"Although there was some decrease in pain from the spray, there were some patients who had minimal pain with the placebo spray, suggesting just spraying anything on there might decrease pain," Greenberg said.
More important, the average age of the patients was probably a big factor in the findings, Greenberg said.
"If there were younger patients, I doubt the results would be the same. Nine-year-olds are probably the easiest patients' veins to cannulate. They are also fairly cooperative. If you had a mean age more like 3 to 4 years, with a significant amount of younger patients, you would probably see very little difference between the actual spray and placebo," Greenberg said.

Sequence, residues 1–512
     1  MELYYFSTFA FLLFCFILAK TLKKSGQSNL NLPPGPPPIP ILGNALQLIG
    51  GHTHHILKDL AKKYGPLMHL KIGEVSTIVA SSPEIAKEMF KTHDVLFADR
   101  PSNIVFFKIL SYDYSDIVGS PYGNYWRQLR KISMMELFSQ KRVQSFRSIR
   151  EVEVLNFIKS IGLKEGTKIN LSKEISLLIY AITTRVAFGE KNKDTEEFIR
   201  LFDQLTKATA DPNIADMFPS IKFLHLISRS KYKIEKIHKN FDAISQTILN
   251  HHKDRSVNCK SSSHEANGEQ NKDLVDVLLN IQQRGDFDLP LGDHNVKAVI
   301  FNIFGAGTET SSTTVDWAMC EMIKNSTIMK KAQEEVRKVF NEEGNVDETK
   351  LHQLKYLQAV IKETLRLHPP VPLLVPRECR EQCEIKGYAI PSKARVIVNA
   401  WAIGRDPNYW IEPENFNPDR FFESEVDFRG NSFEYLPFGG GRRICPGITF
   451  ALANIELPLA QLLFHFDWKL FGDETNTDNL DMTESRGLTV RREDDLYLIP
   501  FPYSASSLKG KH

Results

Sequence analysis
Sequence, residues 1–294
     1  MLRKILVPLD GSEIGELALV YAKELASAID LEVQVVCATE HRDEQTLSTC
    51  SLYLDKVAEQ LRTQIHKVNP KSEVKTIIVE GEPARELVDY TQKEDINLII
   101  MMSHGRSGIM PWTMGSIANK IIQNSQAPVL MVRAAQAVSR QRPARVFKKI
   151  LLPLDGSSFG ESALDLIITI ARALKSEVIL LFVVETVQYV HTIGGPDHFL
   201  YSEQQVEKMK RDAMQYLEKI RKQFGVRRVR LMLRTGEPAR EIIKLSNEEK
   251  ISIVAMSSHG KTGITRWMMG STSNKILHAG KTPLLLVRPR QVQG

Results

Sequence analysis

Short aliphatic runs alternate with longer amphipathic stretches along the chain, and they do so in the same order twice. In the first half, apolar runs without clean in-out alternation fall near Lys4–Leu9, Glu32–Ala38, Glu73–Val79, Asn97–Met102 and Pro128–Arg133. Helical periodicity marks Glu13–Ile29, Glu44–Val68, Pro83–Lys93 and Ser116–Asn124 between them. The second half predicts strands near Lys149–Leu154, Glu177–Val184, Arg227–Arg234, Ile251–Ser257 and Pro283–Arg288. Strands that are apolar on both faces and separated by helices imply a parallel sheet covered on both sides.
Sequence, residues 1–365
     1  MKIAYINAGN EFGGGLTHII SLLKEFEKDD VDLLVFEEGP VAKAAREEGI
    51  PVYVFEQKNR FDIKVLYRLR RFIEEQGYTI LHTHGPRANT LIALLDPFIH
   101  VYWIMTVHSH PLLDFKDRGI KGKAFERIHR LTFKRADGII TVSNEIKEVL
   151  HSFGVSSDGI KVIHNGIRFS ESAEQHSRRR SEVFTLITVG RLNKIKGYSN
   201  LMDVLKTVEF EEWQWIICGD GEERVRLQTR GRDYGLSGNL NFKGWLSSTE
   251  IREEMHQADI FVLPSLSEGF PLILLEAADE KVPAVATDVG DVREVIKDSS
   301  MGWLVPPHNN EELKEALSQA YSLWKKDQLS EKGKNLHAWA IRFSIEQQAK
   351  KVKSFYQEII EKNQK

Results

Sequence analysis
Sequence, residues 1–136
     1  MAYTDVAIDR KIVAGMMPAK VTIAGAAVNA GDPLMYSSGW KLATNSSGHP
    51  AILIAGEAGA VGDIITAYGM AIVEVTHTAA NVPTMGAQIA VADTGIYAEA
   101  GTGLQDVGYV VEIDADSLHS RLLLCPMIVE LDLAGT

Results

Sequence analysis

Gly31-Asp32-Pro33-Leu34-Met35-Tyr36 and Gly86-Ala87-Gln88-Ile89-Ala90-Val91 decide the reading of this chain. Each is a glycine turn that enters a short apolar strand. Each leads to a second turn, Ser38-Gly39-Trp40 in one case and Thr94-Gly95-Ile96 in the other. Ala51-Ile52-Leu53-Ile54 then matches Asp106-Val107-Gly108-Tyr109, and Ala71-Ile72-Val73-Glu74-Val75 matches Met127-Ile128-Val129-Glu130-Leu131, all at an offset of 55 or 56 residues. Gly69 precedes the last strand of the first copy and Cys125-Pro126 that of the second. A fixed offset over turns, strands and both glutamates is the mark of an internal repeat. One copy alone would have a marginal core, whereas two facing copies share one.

In addition, the discomfort with the application of the coolant is not reported and would likely be a significant negative issue in younger children, Greenberg said.
"I think analgesia for IV starts in both children and adults is long overdue. I just don't think this study conclusively showed that using vapocoolants accomplishes this," Greenberg said.
For more on hospital treatments and children, visit the American Academy of Pediatrics.
SOURCES: William Splinter, M.D., staff anesthesiologist, medical director, palliative care, Children's Hospital of Eastern Ontario, Ottawa, Canada; Mark Greenberg, M.D., associate clinical professor, pediatrics and anesthesiology, and director, pediatric anesthesia, University of California, San Diego; July 1, 2008, Canadian Medical Association Journal
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